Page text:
The Alhambra. Granada, Spain
This sprawling palace in Granada, Spain, was originally designed as a palace by Ibn Al-Ahmar and later converted into a royal palace in 1333 by Yusuf I, Sultan of Granada.
It features a series of courtyards surrounded by rooms and is a great example of Moorish Islamic architecture. It is remarkable for its slender columnar arcades, fountains and the light reflecting water basins in its courtyards.
Bibi-Heybat Mosque. Baku, Azerbaijan
The Bibi-Heybat Mosque is a historical mosque in Baku, Azerbaijan, locally known as "the mosque of Fatima."
The mosque includes the tomb of Ukeyma Khanum (a descendant of the last Muslim Prophet Muhammad), and today is the spiritual center for the Muslims of the region and one of the major monuments of Islamic architecture.
Badshahi Mosque. Lahore, Pakistan
The Badshahi Mosque, epitomizing the grandeur of the Mughal era, is inspired by Islamic, Persian and Central Asian influences. Its exterior is decorated with stone carving and marble while its interior is embellished with stucco tracery. It was commissioned by the Mughal Emperor Aurangzeb in 1671 and completed in 1673.
The mosque is situated inside the Lahore Fort, a UNESCO World Heritage Site, the origins of which are hard to trace, but the existing base structure was built during the reign of Mughal Emperor Akbar between 1556 and1605. It has been regularly upgraded by subsequent Mughal, Sikh and British rulers. The fort itself is an intricately built and designed beauty.
Taj Mahal. Agra, Uttar Pardesh, India
This white marble mausoleum was built by Mughal Emperor Shah Jahan in memory of his third wife, Mumtaz Mahal. It is widely recognized as “the jewel of Muslim art in India” and is one of the most universally admired masterpieces of architecture. Its exterior decorations are among the finest of Mughal times.
The Great Mosque of Xi’an. Shaanxi Province, China
The Great Mosque of Xi’an is the oldest and one of the most famous mosques in China. The original structure was erected in 742 A.D. This mosque is characterized by its Arabic lettering and decorations. Unlike most Islamic mosques, it has neither domes nor traditional style minarets.
The majority of the existing Xi’an Great Mosque was constructed during the Ming Dynasty and further expanded in the Qing Dynasty. It is still used by Chinese Muslims (mainly the Hui people) as a place of worship.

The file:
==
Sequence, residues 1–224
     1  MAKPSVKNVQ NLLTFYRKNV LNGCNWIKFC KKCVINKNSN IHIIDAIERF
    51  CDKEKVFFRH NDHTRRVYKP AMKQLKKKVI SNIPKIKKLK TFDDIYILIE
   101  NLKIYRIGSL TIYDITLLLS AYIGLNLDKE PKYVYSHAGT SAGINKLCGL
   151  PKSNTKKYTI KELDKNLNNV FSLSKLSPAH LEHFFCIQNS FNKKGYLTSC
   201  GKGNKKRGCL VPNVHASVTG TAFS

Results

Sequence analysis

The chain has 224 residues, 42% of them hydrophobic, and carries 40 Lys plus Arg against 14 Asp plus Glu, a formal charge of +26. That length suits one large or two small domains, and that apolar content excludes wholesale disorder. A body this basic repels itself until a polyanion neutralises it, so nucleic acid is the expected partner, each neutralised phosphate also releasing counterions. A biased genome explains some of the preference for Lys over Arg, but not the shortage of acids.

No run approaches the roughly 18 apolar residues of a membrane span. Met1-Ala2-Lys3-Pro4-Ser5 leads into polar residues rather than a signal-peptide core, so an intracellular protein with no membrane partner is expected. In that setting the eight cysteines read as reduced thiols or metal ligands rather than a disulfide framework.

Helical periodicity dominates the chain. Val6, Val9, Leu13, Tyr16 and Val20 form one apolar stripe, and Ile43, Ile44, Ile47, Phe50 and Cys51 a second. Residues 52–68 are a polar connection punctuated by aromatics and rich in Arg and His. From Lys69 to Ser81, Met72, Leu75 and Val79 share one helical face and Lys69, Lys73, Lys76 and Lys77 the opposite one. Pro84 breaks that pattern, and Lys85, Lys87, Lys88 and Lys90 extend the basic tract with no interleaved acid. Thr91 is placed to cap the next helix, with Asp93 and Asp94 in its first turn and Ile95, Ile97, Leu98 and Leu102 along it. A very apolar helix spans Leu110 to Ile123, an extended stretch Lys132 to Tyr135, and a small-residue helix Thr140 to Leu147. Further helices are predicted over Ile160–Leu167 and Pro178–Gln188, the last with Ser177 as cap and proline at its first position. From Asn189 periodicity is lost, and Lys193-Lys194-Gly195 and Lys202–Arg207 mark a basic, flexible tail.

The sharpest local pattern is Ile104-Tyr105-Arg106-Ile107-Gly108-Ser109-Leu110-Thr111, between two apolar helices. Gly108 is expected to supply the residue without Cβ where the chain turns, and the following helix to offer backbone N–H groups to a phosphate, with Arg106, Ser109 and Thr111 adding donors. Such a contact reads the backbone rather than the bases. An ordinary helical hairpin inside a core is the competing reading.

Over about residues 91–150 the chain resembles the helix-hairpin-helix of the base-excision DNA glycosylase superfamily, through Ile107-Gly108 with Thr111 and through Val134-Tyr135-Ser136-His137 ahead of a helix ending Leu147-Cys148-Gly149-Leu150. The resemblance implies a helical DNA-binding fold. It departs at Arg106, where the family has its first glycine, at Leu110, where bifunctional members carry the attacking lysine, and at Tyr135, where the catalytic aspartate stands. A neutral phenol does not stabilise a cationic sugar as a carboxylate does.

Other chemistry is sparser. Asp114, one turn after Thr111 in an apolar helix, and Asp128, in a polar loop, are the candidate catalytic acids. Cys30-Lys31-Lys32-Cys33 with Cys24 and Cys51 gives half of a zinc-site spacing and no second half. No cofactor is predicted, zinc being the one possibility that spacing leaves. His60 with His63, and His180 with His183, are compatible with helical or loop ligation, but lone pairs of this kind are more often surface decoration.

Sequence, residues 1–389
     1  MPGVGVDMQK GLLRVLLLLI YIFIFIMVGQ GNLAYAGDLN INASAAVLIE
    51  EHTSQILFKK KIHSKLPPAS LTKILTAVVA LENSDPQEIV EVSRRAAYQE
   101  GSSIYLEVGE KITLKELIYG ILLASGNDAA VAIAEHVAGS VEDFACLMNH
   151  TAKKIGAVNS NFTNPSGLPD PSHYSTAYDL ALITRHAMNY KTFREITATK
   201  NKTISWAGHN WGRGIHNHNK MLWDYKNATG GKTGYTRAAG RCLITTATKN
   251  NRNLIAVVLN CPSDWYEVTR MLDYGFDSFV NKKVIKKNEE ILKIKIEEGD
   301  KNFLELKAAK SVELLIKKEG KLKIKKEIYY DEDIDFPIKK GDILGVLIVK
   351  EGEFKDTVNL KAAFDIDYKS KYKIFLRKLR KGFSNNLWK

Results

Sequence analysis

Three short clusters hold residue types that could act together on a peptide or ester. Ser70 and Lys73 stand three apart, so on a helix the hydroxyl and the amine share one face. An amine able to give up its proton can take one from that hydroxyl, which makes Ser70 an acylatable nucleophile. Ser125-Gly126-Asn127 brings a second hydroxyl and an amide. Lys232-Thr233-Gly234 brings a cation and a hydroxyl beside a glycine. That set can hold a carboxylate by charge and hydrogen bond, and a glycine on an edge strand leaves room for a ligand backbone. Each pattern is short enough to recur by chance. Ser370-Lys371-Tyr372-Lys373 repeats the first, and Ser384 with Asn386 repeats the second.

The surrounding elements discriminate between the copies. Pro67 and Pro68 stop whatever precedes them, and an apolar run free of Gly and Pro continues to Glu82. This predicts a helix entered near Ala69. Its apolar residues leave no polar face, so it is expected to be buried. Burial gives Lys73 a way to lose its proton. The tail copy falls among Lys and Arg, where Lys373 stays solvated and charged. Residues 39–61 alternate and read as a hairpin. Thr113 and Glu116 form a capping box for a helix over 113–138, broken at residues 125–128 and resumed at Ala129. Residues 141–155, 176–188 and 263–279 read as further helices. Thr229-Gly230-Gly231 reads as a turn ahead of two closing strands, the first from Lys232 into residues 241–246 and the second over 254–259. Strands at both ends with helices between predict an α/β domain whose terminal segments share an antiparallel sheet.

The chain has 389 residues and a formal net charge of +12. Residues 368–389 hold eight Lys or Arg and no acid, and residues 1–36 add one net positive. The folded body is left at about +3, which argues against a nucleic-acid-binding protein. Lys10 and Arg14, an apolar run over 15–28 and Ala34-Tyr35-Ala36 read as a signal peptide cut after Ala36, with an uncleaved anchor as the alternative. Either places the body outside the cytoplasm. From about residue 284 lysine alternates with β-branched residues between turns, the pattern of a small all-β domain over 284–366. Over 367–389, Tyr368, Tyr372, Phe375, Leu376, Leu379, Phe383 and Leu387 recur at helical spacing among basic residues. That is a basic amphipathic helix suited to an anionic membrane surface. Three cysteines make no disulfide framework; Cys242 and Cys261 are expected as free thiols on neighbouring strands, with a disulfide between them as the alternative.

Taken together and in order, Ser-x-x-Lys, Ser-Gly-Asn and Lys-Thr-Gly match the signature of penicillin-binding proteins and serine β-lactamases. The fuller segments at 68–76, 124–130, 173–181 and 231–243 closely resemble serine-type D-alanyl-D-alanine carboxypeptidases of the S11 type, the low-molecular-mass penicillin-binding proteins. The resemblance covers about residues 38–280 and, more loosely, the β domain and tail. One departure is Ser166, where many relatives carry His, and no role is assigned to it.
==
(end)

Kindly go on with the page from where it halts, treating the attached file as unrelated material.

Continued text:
Al-Azhar Mosque. Cairo, Egypt
Al-Mu‘izz li-D?n All?h of the Fatimid Caliphate commissioned the construction of this remarkably beautiful and grandiose mosque for the newly established capital city in 970. It was the first mosque established in Cairo.
It was originally designed to be a prayer hall with five halls and a modest courtyard. Its stucco exterior displays influences from Byzantine architecture.
Siosepol Bridge, Isfahan, Iran
Siosepol or Siose Bridge, meaning the Bridge of 33 Arches, is one of the eleven bridges of Isfahan, Iran. It was constructed by the finances and supervision of Allahverdi Khan Undiladze, the chancellor of Shah Abbas I, an Iranian ethnic Georgian.
As the name suggests, it consists of two rows of 33 arches from either side. The bridge has many names including the “Allah-Verdi Khan Bridge,” "The Bridge of 33 Springs", "The Bridge of Chaharbagh", and "Zayandeh River Bridge".
Great Mosque of Djenne. Mali Djenne, Mali
The Great Mosque of Djenne, considered one of the greatest achievements of Islamic architecture, was the first mosque on the site and is one of the most famous landmarks in Africa today. Its walls are sun-baked earth bricks coated with plaster.
The entire community of Djenné takes an active role in the mosque's maintenance via a unique annual festival. This includes music and food, but has the primary objective is to repair the damage to the mosque in the past year.
Rustem Pasha Mosque, Istanbul, Turkey
The Rustem Pasha Mosque was built on a high terrace over a complex of vaulted shops. Its narrow, twisting steps in the corners are what give access to its spacious courtyard. This mosque is most famous for its large quantities of exquisite Iznic tiles set in floral and geometric designs, which cover not only the façade of the porch, but also the walls and columns.
This is the first example of the great Ottoman architect Mimar Sinan building a mosque to an octagonal plan.
Mehmed Pasha Bridge, Visegrad, Bosnia and Herzegovina
The 179.5m-long Mehmed Mehmed Pasha Bridge of Visegrad, across the Drina River in the east of Bosnia and Herzegovina, a masterpiece of bridge building, was built at the end of the 16th century by the court architect Mimar Koca Sinan. He was one of the greatest architects and engineers of the classical Ottoman period and a contemporary of the Italian Renaissance.
The bridge, part of the UNESCO heritage, was built on the orders of Grand Vizier Mehmed Paša Sokolovi?, has 11 masonry arches with spans of 11m to 15m, and an access ramp at right angles with four arches on the left bank of the river.